Convenience stores and brands alike are looking to maximize the shelf edge to build brand recognition and drive sales, and in this age of technology, both parties are looking to redefine how they communicate with customers.
A virtual extension of the shelf edge—and a highly complementary component of shopper marketing—is mobile technology. By making use of this nearly ubiquitous way to communicate, convenience stores now have the opportunity to turn a simple communication device into an indispensable shopping aid that extends the shelf edge directly into the shopper's hand. Mobile applications are poised to be the future of how retailers will communicate with shoppers in a way that's most convenient for them.
While appealing to mobile-enabled shoppers is still an emerging trend, it will undoubtedly accelerate as upcoming generations turn to their mobile devices for coupons, specific product information, brand comparisons and more. A recently published Deloitte survey confirms that 57 percent of consumers already feel they would be interested in receiving a coupon on their phone.
In fact, many shoppers do already use mobile technology as part of their shopping, and the sooner retailers begin looking for ways to incorporate this medium into their broader marketing communication plans, the sooner they will begin capturing those shoppers and reaping the benefits. Ultimately, the key to success will be integration across all platforms to deliver a consistent and relevant shopper message that encourages loyalty and results in increased revenue.
Reaching Customers Where They Focus
Some convenience stores are communicating via the Web, and while there has been a lot of focus in recent years on building an online presence, returns have been mixed. With many shopping stops driven by convenience and made spur-of-the-moment, shoppers most likely are not checking Web sites before such visits. One answer to reaching these on-the-go shoppers could be a retailer application downloaded to an iPhone or other PDA that allows easier access to retailer information. This puts the brand promotion directly into the shopper's hand, and could contain information such as weekly specials and new items. At least one consumer package goods (CPG) company already created an application like this, but the opportunity is wide open for innovative retailers to take the lead as well.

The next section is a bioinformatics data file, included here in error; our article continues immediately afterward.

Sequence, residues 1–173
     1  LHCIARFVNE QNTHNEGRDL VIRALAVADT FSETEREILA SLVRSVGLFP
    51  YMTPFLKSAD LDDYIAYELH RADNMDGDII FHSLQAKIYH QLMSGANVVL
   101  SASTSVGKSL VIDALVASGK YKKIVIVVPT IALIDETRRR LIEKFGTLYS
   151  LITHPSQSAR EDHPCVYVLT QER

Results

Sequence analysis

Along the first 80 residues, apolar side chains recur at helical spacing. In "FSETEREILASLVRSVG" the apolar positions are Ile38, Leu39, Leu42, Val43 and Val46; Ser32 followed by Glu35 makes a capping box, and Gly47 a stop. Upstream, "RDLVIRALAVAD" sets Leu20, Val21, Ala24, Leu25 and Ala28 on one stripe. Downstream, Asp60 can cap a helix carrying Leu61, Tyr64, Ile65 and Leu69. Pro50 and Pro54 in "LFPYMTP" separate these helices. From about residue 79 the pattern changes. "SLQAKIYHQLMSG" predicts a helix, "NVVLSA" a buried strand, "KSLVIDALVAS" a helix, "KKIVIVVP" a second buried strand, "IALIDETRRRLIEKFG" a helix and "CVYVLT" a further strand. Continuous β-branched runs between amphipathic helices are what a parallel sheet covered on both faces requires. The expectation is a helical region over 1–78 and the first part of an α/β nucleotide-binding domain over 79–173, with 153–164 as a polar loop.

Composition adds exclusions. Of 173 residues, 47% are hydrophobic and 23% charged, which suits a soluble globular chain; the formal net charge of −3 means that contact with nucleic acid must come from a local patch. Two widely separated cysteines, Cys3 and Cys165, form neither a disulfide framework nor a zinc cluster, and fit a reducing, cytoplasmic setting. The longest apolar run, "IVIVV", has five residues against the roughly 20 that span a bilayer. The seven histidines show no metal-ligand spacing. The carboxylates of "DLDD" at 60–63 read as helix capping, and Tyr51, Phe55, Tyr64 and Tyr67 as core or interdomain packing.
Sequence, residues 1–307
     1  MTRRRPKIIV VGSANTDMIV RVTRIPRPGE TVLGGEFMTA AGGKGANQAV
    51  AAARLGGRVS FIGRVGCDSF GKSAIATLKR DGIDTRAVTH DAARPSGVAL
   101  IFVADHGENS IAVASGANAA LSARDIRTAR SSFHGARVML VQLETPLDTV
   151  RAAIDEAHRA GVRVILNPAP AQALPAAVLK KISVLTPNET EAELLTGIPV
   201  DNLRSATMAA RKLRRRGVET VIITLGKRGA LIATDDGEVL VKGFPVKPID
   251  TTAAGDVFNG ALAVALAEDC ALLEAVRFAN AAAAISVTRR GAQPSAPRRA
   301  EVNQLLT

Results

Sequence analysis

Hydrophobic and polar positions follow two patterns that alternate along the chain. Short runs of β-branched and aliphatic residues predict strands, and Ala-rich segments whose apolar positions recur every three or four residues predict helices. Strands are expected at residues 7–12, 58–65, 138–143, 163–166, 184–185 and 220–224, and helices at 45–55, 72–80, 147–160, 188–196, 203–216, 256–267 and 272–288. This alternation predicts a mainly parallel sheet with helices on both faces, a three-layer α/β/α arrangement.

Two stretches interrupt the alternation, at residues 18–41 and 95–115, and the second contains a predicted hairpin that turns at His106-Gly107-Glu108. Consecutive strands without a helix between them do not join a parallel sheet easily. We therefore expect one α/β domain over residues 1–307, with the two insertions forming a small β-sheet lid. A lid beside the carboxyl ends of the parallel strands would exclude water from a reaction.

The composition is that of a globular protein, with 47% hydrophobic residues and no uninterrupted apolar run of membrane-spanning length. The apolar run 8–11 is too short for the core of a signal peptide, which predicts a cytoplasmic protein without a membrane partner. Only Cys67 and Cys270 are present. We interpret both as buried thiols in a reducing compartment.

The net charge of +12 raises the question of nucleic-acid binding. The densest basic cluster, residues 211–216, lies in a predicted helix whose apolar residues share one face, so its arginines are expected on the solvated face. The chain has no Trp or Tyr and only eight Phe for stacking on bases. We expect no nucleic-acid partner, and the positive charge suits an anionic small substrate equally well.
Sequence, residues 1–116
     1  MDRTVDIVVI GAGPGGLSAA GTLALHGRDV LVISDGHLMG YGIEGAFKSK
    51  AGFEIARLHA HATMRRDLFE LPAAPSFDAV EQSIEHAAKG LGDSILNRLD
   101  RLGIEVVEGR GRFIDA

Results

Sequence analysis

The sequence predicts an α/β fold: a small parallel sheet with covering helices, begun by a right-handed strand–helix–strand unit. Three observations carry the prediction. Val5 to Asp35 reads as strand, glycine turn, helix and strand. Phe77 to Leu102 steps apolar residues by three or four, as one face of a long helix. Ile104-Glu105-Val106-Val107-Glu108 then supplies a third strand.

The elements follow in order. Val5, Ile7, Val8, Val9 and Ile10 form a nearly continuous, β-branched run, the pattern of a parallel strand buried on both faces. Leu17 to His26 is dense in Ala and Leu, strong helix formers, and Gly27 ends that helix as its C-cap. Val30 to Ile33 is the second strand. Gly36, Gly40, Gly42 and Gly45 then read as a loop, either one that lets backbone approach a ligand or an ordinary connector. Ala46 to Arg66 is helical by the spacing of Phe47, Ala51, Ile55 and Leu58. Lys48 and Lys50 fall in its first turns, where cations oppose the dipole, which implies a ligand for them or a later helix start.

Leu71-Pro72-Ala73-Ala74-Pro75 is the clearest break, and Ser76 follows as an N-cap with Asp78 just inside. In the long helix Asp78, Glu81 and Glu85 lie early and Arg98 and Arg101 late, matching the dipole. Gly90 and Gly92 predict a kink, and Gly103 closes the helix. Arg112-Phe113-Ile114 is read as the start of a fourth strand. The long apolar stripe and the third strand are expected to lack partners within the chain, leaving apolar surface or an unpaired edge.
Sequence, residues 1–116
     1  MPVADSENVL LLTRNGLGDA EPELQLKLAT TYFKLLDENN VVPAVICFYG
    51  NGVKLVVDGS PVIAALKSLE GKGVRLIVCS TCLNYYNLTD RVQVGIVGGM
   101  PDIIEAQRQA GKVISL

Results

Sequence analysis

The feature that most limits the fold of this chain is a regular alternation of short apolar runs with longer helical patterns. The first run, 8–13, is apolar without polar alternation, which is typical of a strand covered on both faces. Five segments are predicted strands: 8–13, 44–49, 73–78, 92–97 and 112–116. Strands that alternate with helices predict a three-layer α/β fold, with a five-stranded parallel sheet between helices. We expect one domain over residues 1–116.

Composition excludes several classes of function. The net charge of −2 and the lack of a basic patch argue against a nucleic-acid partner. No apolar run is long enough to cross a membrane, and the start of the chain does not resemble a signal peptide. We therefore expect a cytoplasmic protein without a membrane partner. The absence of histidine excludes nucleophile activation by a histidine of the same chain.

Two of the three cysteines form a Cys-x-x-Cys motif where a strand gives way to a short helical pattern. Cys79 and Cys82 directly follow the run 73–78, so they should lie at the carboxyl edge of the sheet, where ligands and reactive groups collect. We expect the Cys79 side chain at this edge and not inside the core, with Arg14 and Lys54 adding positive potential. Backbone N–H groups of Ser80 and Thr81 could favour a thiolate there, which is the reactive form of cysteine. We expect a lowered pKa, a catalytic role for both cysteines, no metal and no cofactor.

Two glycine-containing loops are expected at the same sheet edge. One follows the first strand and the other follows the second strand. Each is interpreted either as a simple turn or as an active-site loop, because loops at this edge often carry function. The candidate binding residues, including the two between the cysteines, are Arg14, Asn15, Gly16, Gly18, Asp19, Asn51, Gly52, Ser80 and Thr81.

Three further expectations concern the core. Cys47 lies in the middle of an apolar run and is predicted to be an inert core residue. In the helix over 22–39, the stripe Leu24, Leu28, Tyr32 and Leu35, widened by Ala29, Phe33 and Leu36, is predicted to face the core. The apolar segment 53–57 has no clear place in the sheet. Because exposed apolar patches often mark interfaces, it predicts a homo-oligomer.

For example, a store promotion application could work with a smart phone's GPS-like ability to know where the user of the mobile device is at any given moment and provide shoppers directions to the nearest convenience store location. In addition, an offer from that store location could be sent to the shopper to provide additional value.
This brings a retailer to the shopper before the he or she is even in the store. Such mobile marketing has the possibility of being a trip changer. Perhaps the shopper had been considering a stop at a grocery store, but was dreading the packed parking lot and long lines. A message to his or her mobile device could serve as a reminder that the items needed are just a block away at a convenience store.
Putting the Message Where it Needs to Be
The need for convenience stores to differentiate from competitors and provide a more satisfying shopping experience is greater than ever, and the logic of using existing shopping behaviors to drive awareness and sales is undeniable. Rather than trying to teach shoppers new behaviors, marketing where the shopper focuses, such as at a mobile device, puts the message where it needs to be at the right time. Shoppers appreciate the added information and may respond to messages through increased purchases of promoted products. Shoppers have demonstrated time and again they are willing to change a habit if there is a perceived benefit.
It's been said nothing provides opportunity like a good crisis. With today's difficult economy, there has never been a better time for convenience stores to rethink how they view their customers, their stores, and the interaction between them. Finding ways to engage shoppers in meaningful ways and providing an environment that both entices and differentiates is the right path to sales.
We are getting closer and closer to one-on-one marketing in all aspects of business. Today's mobile marketing, though still in its infancy, is a big step in that direction.
Jeff Weidauer is vice president of marketing for Vestcom International Inc., a provider of technological retail solutions based in Little Rock, Ark. Visit www.vestcom.com for more information.
--Nielsen Business Media